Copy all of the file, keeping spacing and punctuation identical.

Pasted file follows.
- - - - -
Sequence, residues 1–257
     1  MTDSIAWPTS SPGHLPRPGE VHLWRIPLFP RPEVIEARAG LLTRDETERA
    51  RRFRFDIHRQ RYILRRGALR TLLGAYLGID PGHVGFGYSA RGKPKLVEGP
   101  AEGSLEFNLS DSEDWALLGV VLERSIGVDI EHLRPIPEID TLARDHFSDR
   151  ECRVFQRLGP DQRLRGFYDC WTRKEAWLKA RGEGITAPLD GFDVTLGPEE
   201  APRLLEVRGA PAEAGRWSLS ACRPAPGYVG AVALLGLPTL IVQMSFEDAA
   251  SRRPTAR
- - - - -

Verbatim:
Sequence, residues 1–257
     1  MTDSIAWPTS SPGHLPRPGE VHLWRIPLFP RPEVIEARAG LLTRDETERA
    51  RRFRFDIHRQ RYILRRGALR TLLGAYLGID PGHVGFGYSA RGKPKLVEGP
   101  AEGSLEFNLS DSEDWALLGV VLERSIGVDI EHLRPIPEID TLARDHFSDR
   151  ECRVFQRLGP DQRLRGFYDC WTRKEAWLKA RGEGITAPLD GFDVTLGPEE
   201  APRLLEVRGA PAEAGRWSLS ACRPAPGYVG AVALLGLPTL IVQMSFEDAA
   251  SRRPTAR